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30 November 2008

Comments

Chechenbai

Salaam Brother,

I'm afraid I have to partially disagree with you as to MSM coverage of these attacks. Lots of media outlets have brought up underlying grievances such as Gujrat, as being motivating factors for these bestial (no other word cuts it) and frenzied attacks.

Some examples:

http://www.time.com/time/world/article/0,8599,1862650,00.html?xid=rss-world

http://www.guardian.co.uk/commentisfree/2008/nov/30/mumbai-terror-attacks-india1

The next article below by Jason Burke, a (UK) Guardian/Observer correspondent who's produced some fairly decent work on the Jihadi movement, addresses the issue that you raise of local collaboration in these attacks:

http://www.guardian.co.uk/world/2008/nov/30/mumbai-terror-attacks-india

The article also addresses the point that you, being of Pakistani descent would wish not to be true (understandably and in the same way that I, as a former supporter of the slain Aslan Maskhadov, wished that the Beslan attackers had no connection with Ichkeria). This uncomfortable point being that Mohammad Ajmal Mohammad Amin Kasab, a 21-year-old Pakistani national from the Punjabi village of Faridkot, is the only terrorist involved in this assault who's been captured by the Indian security forces.

I appreciate your criticism of the fundamentally shallow and sound-bite nature of MSM coverage of complex political and security issues. That, unfortunately, is the nature of the beast.

We, as in the Ummatic we, have a very serious problem on our hands. One may navel-gaze, rather in the fashion of Raskolnikov in Crime and Punishment (a book that I can never stop recommending highly enough to anyone), that when a statesman kills en masse this is lauded or at least tacitly accepted by much of humankind as a part and parcel of the ‘art’ of statesmanship, yet when the ‘little’ or anonymous man kills only once or in far smaller volume, he is branded a common murderer. Yet this paradox fails to absolve Raskolnikov of intense and soul-destroying guilt, mercilessly shredding away his sanity, at his cold and calculated murder of a wicked old money lender and her sister. Our friend Rodion Romanovich decided to murder with the common and greater good in the eye of his mind. What were the wages of his ghastly labour? He felt only two options and both were a product of his moral debasement: either final self-immolation or a life of utter alienation from all mankind, utterly devoid of love and empathy.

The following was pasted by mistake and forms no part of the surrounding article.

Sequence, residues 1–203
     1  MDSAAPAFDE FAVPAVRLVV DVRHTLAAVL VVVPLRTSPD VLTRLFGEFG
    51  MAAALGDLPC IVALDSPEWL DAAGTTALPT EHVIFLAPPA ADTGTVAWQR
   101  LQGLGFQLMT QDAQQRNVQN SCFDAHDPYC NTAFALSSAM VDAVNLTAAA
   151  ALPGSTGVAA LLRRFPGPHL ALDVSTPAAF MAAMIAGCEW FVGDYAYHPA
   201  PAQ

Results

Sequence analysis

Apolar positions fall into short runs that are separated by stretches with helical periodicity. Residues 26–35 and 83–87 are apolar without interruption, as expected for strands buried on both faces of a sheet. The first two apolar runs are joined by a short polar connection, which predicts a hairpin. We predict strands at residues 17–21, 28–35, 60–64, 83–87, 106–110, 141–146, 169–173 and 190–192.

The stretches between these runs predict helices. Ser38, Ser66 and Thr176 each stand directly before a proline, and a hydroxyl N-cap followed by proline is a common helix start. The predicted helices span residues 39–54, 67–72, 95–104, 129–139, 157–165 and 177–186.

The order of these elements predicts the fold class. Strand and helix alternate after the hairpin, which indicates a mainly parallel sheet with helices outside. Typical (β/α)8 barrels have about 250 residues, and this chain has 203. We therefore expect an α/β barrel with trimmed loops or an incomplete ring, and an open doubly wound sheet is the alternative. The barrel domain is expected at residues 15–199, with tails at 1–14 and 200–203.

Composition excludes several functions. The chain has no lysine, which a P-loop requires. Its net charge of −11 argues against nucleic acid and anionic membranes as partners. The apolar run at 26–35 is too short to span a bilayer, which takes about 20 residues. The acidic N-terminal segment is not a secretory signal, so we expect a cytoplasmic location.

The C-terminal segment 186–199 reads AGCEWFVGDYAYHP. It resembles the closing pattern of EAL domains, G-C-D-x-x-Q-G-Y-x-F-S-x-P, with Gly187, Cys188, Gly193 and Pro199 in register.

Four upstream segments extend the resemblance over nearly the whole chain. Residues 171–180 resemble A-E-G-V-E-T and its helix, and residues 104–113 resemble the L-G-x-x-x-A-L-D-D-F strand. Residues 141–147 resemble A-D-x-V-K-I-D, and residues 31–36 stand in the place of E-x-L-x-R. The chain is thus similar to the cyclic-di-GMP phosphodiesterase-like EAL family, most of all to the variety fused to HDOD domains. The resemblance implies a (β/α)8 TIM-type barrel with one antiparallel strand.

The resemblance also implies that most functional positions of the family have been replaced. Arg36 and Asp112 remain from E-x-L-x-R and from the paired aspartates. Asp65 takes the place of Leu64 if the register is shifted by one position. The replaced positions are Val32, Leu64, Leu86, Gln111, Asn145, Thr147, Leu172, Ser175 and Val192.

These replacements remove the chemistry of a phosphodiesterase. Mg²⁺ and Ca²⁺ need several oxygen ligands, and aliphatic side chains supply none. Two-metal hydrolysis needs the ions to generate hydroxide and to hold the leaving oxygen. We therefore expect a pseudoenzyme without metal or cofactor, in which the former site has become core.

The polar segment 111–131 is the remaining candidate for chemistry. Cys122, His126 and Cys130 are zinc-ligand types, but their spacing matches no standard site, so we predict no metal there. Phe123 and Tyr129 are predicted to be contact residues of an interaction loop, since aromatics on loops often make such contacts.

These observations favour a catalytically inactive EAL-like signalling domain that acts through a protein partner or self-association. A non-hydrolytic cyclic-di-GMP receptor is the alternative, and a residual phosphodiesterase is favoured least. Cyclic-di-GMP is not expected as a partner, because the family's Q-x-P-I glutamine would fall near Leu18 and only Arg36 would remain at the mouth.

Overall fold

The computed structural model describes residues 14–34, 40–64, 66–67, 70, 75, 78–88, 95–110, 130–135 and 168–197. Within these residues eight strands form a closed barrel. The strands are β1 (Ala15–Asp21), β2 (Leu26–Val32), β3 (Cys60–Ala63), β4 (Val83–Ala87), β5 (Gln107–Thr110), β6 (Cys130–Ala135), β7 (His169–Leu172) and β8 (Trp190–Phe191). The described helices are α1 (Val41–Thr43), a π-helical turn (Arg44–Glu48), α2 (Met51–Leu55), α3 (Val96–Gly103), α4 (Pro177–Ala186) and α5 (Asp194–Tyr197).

How did our hero redeem his soul? He confessed his crime. He didn’t truly repent of his crime at the time of his confession and sentencing to a Siberian penal colony. That came later. The first step was to confess. We, the Umma, are Raskolnikov and we need to truly walk the path of genuine confession and sincere repentance.

One could object to this Dostoevskyian analogy, decry it as the paradigm of an Orthodox Christian and his peculiar prejudices. I beg to differ. Repentance is simply the acknowledgment of a sinful act and revulsion at its commissioning. What difference does it truly make if the man who urges repentance is an Orthodox Slavophil? Did not the Christians drink something from the stream of Allah’s wisdom? Of course, one could add that according to the Quran one does not bear the sin of another. This is quite right in specific, individual cases subject to jurisprudence. It is also right with regards to children. Yet does the Quran not speak of Allah’s collective punishment of transgressor nations? Does the Quran not speak of Allah bringing forth a new Umma should we fail in our duty before Him?

Forgive my ramblings dear brother, I read (and enjoyed) the Order of Light some time ago and thought that perhaps you might understand where I’m coming from. If you’re not the same Haroon Moghul, then my apologies.